Proportionality, then, stands here as a short form for a constellation of closely related principles and values, which, we, as regulators and supervisors, have a duty to serve: equality, legal certainty, individual rights, and good administration. This concept of proportionality has recently become a major theme in pan-European discussions of banking regulation – and for good reason. It subsumes more specific discussions on better regulation, simplification and the need for differentiation. And it provides a framework for the evaluation of existing rules and practices, and a compass for their elaboration and improvement.
Why has this debate gained traction now, and not in the past? I believe that three specific aspects of the post-crisis regulatory architecture explain, and also justify, the emergence of proportionality as a core concern in European banking regulation.
These three aspects of the post-crisis European regulatory architecture have greatly increased the significance of the matter:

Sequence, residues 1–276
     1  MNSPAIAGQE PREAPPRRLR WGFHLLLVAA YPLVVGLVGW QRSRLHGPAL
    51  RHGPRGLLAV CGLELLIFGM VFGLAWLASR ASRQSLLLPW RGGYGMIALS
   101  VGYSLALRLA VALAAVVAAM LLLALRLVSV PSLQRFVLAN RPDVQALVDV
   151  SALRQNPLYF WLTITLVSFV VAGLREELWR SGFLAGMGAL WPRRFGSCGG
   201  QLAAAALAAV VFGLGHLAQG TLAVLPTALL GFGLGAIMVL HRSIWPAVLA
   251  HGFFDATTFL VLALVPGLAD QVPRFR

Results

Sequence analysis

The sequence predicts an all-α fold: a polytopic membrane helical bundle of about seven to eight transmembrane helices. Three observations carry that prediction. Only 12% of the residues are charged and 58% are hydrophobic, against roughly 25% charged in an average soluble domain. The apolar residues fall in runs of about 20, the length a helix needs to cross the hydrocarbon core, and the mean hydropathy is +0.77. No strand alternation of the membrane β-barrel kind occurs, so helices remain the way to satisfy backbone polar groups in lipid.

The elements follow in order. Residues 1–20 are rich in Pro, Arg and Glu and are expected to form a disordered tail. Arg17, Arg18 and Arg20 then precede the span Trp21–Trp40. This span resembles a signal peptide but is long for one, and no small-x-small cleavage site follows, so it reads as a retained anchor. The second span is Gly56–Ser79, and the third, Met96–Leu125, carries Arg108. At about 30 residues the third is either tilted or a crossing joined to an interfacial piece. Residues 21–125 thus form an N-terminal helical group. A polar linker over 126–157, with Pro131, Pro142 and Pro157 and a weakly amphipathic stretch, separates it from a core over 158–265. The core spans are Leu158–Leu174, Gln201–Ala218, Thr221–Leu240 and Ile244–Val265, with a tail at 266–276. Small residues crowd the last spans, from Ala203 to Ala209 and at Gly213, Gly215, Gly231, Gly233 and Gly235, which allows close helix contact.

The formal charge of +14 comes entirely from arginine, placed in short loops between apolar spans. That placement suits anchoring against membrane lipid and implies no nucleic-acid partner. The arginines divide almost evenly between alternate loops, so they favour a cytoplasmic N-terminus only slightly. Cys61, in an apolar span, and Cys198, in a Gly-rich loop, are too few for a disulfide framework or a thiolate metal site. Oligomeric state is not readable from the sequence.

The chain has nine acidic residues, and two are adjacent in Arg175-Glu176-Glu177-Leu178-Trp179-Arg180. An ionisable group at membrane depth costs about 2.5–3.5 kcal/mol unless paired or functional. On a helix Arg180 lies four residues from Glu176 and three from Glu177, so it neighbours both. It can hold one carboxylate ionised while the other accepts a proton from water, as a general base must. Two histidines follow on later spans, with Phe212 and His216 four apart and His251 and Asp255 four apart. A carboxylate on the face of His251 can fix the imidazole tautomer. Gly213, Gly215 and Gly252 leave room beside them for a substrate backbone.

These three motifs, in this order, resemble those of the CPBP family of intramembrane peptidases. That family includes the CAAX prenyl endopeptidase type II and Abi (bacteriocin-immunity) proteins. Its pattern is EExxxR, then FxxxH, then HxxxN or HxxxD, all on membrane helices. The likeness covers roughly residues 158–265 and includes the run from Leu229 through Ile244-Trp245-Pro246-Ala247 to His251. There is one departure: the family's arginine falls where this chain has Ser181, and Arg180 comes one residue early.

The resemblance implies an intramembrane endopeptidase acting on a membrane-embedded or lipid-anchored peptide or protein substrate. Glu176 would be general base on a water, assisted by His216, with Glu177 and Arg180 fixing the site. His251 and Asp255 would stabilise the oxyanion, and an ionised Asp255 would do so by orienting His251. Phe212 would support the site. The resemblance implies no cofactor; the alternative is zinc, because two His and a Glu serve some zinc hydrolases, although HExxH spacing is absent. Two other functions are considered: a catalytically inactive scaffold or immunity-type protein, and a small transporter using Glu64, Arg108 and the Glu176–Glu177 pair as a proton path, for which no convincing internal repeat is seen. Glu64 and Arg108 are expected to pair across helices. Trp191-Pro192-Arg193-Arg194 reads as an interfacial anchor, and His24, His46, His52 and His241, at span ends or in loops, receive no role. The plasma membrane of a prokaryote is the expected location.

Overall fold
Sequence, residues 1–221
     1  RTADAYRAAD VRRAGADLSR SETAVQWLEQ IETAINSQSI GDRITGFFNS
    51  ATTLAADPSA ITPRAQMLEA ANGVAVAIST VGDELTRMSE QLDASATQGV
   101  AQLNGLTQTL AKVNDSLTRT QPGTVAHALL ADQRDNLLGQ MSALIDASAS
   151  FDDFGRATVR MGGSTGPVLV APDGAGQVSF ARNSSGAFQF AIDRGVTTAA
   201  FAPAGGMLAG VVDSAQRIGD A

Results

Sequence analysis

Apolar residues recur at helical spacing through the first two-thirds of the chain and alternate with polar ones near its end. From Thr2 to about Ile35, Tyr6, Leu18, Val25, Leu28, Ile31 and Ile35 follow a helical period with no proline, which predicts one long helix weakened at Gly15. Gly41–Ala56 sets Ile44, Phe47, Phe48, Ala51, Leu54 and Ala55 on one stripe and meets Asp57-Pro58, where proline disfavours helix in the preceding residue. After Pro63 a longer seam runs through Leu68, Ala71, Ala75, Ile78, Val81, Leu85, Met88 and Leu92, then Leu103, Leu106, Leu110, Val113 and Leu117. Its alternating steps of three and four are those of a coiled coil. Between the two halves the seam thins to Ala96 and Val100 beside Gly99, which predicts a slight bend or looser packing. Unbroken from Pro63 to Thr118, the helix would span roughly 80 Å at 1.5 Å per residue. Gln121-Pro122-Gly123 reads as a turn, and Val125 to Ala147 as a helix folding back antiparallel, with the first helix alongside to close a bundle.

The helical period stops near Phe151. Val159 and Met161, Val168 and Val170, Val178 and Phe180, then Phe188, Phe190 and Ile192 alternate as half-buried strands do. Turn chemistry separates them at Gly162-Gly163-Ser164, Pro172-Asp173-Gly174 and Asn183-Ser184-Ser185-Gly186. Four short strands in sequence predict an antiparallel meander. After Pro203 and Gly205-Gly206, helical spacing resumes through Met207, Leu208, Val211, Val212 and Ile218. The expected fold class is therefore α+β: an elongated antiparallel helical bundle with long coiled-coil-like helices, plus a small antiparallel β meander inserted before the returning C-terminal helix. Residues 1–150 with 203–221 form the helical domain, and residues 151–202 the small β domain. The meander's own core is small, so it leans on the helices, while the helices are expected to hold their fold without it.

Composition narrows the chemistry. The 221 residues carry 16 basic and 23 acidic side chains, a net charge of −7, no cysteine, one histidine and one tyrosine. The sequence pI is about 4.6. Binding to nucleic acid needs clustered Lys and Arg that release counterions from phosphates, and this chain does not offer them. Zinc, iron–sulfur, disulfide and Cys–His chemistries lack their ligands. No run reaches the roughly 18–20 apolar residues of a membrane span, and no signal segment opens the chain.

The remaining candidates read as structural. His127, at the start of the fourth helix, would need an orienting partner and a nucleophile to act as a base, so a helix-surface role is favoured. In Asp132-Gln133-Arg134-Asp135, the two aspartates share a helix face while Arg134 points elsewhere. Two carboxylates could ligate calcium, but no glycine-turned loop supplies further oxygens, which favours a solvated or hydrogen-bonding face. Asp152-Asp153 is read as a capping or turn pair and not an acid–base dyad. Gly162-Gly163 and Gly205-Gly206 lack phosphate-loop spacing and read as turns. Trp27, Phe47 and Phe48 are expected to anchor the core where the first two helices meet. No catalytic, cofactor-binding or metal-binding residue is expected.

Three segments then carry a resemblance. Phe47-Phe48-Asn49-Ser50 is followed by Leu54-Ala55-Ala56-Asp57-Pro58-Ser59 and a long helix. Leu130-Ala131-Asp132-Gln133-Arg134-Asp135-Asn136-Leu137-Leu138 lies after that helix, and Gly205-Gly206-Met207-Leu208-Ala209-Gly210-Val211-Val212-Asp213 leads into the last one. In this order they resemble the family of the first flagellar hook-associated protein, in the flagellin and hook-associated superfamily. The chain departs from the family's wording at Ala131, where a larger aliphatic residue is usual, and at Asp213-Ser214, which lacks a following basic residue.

• First, the shift from the old approach to prudential standard-setting for credit institutions, which was based on no more than a minimum harmonization at the European level, to a new system of almost full Europeanization of the applicable norms. The intensive legislative activity which followed the Global Financial Crisis, culminating in the enactment of the Capital Requirements Directive IV and the Capital Requirements Regulation, has resulted in much greater uniformity, verging to full harmonization, of the regulatory norms. The new state of things is epitomized in the construction of a Single Rulebook of pan-European applicability, with the EBA acting as the Rulebook’s custodian and key developer.